‘Enterprise Business Intelligence’ is a growing need in the oil and gas, IT, telecom and banking sectors in the Middle East, amidst the rising challenge for organisations to define an enterprise-wide architecture and a Business Intelligence (BI) strategy, according to SAS, the leading provider of business advisory and analytical intelligence. In line with this, the company is encouraging regional enterprises to set up ‘Business Intelligence Competency Centres’ (BICC), a permanent organisational structure consisting of representatives from the business and IT departments, dedicated to advancing and promoting the effective use of BI to support a company’s business strategy.
BICC provides a central location for driving and supporting organisations’ overall business intelligence strategy by facilitating coordination and complementing existing efforts, while reducing redundancy and increasing effectiveness. The centralisation of these efforts ensures that information and best practices are communicated and shared through the entire company, thereby extending the benefits it provides from the learnings. Specifically, the advantages BICC provides include increased usage of business intelligence and user satisfaction, better understanding of the value of BI, faster decision-making, and reduce staff and software costs.
“By embracing the BICC concept and adopting an end-to-end BI platform, companies can implement a complete program for continuous performance improvement across the business, which is a must to stay afloat amidst the present economic crisis,” said Carel Badenhorst, Head of Technology Practice, SAS - Middle East. “At present, there are a growing number of organisations in the region who are realising that business intelligence is more than just a technology investment. Our aim is to increase this awareness and help companies in the Middle East address IT consolidation pressures, costs and performance issues by standardising on a complete BI platform.”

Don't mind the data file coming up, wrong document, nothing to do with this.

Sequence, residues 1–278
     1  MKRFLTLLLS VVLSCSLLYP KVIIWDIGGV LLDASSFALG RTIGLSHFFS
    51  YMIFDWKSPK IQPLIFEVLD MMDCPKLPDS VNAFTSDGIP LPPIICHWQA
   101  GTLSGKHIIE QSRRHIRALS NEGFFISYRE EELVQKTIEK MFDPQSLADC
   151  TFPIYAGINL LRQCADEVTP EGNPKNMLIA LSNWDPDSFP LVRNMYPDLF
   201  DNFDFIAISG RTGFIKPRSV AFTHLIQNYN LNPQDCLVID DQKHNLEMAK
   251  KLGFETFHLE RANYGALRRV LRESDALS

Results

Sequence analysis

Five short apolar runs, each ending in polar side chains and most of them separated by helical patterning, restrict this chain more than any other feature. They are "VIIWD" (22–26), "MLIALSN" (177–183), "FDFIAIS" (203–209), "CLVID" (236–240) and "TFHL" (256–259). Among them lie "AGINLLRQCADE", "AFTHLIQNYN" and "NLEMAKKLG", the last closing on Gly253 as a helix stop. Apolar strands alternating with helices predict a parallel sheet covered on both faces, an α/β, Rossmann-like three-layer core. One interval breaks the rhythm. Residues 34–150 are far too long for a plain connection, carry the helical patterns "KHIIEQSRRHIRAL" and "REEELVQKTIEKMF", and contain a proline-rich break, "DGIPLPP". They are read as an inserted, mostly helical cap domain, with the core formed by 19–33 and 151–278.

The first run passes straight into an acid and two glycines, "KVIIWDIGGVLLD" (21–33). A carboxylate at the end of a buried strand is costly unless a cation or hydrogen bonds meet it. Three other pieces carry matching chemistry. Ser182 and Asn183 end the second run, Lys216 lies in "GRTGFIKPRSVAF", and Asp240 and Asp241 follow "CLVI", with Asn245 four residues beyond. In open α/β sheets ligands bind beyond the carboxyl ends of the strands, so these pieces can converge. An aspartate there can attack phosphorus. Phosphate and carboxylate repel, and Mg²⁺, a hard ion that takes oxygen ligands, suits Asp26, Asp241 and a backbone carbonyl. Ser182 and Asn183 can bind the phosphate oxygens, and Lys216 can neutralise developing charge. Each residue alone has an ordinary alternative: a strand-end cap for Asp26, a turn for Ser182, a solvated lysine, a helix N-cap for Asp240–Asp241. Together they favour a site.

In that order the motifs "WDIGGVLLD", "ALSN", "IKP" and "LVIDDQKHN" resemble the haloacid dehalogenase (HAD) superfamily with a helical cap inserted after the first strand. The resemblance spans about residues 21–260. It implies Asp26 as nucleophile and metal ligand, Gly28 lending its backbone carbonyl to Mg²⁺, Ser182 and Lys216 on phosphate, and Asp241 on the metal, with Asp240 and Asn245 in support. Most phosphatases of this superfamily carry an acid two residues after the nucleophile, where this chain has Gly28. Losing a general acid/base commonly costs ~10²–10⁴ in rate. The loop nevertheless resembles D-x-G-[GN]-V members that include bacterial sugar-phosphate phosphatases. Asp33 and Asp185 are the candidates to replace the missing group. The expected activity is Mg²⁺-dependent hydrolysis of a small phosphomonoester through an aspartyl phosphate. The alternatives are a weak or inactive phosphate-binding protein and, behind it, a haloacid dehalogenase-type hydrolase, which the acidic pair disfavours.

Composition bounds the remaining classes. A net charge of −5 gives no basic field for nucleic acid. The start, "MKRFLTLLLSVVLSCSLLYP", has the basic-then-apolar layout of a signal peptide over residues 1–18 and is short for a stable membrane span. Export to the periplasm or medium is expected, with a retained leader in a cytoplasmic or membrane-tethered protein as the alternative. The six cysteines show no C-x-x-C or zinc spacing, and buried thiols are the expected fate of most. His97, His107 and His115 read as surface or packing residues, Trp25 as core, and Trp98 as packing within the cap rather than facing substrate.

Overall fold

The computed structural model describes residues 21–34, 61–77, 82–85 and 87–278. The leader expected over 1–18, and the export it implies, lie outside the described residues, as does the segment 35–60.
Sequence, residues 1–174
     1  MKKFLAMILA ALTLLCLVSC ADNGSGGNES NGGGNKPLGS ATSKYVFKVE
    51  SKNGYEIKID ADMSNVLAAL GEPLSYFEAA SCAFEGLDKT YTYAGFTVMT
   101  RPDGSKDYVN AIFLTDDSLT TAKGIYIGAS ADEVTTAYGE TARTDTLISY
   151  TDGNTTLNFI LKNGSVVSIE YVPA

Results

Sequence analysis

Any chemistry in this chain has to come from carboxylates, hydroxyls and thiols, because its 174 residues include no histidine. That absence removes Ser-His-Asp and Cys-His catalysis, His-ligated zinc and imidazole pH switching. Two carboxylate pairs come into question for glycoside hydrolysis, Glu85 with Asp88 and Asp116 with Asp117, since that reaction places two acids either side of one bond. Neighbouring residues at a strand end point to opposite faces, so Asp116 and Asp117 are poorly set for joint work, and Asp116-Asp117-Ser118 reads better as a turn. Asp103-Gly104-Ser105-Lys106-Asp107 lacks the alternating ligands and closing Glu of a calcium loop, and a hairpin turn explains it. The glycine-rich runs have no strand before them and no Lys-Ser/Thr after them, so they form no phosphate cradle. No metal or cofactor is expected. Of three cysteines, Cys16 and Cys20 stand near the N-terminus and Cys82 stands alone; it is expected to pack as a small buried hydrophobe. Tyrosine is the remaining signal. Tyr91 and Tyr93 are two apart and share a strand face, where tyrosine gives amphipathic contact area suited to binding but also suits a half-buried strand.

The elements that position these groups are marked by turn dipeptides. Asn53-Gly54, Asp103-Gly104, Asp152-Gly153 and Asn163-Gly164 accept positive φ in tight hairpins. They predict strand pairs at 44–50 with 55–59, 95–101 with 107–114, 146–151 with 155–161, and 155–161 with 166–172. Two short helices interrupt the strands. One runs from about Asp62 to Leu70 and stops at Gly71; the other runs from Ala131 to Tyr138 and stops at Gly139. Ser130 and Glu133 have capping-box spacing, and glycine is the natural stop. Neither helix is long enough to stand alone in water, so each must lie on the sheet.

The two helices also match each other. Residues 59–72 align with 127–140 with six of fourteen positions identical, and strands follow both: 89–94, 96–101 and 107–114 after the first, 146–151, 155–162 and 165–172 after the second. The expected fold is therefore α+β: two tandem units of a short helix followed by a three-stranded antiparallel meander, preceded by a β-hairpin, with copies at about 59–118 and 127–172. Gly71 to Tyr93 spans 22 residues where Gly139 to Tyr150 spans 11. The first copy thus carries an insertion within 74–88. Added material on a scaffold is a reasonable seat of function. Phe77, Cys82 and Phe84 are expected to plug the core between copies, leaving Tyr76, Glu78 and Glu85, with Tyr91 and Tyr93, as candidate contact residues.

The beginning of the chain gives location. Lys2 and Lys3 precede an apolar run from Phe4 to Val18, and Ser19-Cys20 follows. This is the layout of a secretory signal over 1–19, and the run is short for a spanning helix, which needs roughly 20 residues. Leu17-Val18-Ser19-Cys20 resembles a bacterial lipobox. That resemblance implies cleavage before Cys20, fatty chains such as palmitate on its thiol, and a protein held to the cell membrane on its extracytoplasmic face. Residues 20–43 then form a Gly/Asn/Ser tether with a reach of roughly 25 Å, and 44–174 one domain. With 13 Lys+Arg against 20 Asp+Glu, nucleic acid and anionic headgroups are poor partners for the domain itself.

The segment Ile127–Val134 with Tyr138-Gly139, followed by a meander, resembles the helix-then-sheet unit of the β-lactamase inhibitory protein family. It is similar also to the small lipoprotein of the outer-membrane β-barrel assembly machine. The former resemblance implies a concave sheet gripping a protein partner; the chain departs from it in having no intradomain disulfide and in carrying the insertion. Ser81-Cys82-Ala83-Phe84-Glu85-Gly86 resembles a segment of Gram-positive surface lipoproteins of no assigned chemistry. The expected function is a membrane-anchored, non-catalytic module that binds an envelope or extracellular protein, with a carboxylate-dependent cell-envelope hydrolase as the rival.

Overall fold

BICC can play an important role in supporting the utilisation of BI beyond the departmental level for customers. SAS consultants work directly with customers to build a BICC from scratch or optimize an existing practice, helping organisations formulate a BICC vision and strategy, build awareness among key stakeholders, set program objectives and measures, establish an effective framework, and become self-sufficient through best practice knowledge transfer. In addition, SAS offers ‘SAS Enterprise Intelligence Platform’, a complete BI platform that provides architecture for integrating, storing, analysing and reporting large volumes of data.
“We are aiming to provide an intelligent implementation roadmap and accompanying service to help customers in the Middle East design, deploy and operate their own BICCs based on their unique business needs. By doing so, our goal is to promote efficient use of information and best practices across an entire organisation, which in effect can benefit the region’s economic recovery. We are confident that this initiative will be successful, given the host of advantages it can provide to regional enterprises,” concluded Badenhorst.
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